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Comment & Response
December 21, 2018

Consumerism and Innovation in Pediatric Primary Care

Author Affiliations
  • 1Department of Pediatrics, Geisel School of Medicine at Dartmouth, Lebanon, New Hampshire
JAMA Pediatr. 2019;173(2):197-198. doi:10.1001/jamapediatrics.2018.4634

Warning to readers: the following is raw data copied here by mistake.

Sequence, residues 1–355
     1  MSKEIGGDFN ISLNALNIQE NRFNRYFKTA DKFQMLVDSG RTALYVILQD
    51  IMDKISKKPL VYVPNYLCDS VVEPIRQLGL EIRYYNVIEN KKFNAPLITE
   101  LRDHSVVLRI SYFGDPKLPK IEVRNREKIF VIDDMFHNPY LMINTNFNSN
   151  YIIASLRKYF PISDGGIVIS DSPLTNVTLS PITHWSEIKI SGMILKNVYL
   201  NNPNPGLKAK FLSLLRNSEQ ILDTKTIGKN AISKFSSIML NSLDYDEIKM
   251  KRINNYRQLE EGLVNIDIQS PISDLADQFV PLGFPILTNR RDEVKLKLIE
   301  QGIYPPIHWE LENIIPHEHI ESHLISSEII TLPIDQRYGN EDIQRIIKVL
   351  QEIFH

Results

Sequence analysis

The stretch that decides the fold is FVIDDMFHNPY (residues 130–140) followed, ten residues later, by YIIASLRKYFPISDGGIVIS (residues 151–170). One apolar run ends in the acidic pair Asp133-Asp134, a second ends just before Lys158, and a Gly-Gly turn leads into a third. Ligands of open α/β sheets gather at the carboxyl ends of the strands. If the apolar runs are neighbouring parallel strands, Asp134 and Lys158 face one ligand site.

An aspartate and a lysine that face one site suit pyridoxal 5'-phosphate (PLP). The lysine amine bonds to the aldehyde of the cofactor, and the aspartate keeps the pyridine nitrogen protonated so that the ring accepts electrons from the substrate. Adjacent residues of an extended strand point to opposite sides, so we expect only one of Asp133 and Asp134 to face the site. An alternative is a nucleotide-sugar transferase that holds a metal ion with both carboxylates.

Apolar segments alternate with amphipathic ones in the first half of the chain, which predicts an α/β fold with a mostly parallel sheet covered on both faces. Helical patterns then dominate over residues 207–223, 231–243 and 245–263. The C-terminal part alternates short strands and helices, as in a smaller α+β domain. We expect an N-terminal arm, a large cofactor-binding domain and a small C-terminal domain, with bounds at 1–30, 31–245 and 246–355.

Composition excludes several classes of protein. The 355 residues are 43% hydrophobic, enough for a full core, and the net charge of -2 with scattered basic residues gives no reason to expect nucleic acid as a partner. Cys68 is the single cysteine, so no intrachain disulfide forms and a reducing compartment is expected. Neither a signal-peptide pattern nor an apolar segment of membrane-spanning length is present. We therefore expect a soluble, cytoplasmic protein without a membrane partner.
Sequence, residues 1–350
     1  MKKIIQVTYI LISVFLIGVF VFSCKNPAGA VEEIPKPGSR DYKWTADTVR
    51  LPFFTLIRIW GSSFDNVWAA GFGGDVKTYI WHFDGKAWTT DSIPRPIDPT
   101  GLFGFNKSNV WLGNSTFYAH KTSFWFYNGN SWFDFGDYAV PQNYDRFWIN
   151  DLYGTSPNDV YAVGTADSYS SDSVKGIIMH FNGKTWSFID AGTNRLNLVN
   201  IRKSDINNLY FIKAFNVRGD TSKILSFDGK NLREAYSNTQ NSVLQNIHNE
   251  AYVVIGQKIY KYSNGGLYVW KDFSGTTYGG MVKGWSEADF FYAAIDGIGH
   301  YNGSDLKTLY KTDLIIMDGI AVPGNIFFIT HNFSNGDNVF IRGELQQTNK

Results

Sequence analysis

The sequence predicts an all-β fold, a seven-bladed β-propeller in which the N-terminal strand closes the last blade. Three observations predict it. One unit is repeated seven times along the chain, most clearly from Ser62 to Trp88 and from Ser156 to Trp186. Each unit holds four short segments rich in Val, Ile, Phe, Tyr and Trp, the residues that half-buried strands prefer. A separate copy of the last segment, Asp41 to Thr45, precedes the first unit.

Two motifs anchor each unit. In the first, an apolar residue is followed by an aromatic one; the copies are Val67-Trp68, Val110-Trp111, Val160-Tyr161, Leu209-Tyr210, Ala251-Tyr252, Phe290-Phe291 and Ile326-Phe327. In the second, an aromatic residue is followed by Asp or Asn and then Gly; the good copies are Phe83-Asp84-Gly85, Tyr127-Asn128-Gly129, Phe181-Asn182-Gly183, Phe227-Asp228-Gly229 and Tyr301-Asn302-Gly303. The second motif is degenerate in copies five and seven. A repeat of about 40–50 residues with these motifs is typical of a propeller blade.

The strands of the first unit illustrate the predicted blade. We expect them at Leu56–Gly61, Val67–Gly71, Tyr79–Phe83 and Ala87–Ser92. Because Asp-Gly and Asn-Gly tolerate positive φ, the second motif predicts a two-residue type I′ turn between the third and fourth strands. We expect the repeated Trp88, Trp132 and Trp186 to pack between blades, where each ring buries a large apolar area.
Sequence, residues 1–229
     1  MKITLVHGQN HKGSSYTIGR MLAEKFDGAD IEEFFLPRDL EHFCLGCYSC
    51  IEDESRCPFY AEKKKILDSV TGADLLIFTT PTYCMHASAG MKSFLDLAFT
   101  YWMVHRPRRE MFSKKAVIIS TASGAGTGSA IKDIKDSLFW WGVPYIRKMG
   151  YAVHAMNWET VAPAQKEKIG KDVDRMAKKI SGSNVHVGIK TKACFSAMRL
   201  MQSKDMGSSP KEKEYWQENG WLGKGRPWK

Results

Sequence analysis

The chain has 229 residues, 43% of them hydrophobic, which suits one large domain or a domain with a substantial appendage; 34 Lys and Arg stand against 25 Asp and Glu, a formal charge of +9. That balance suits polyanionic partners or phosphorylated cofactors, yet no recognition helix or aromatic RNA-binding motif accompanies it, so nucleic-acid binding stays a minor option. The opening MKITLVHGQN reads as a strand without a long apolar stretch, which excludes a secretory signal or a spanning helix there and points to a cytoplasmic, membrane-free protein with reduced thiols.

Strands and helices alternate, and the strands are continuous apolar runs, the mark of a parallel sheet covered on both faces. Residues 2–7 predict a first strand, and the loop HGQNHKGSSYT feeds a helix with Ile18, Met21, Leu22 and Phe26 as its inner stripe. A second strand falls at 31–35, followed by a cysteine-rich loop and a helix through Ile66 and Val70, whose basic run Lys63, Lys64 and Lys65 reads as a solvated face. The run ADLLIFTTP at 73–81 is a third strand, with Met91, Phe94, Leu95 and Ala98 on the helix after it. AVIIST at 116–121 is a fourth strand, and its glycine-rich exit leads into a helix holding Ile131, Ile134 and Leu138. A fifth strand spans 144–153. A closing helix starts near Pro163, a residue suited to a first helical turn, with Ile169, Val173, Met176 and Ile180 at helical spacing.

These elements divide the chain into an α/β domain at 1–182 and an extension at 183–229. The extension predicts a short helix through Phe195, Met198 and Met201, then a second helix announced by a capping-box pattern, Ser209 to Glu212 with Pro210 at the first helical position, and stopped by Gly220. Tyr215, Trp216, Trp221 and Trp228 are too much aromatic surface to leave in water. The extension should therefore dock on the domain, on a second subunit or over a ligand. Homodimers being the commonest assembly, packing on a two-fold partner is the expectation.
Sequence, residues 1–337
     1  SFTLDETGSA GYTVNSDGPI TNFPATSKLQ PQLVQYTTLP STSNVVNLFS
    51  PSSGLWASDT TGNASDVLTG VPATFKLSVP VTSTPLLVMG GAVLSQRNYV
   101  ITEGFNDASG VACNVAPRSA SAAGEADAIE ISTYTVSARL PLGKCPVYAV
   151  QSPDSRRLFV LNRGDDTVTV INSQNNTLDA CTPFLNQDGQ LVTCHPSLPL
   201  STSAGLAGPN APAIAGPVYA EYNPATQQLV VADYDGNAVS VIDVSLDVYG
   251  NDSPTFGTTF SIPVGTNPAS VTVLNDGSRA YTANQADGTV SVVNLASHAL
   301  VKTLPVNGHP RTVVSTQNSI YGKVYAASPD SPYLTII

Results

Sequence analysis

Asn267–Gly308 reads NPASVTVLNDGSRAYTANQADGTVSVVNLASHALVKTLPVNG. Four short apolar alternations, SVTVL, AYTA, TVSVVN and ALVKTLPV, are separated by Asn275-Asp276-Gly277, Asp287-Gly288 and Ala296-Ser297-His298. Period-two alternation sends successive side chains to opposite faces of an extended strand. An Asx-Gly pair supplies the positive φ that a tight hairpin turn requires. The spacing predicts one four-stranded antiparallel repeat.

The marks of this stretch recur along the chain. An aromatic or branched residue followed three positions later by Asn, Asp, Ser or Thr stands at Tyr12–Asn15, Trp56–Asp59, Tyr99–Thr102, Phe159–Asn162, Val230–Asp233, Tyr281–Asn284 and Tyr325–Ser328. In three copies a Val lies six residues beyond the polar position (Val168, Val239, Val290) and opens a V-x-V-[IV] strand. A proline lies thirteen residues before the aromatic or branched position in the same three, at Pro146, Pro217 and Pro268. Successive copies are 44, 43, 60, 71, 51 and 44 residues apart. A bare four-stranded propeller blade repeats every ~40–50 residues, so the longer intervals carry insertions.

To the Editor In their Viewpoint, Fiks et al1 propose “divergent thinking” as the ideal response to the “innovator’s dilemma” attributed to consumerism. But the dilemma, as defined by Clayton Christensen in his seminal business book,2 is that good management simply cannot pursue divergent strategies simultaneously. As the authors note, “pediatric primary care is thriving,” thanks to near-universal funding, required by the Affordable Care Act, of its core business of well-child care. It would be a tall order to look beyond the predictable revenue of these physician-driven, visit-based services to adopt lower-cost models with uncertain margins, particularly because medical practice is so highly regulated toward the former. We therefore suggest a nondivergent increased focus on children with medical complexity and other special health care needs as a more successful response.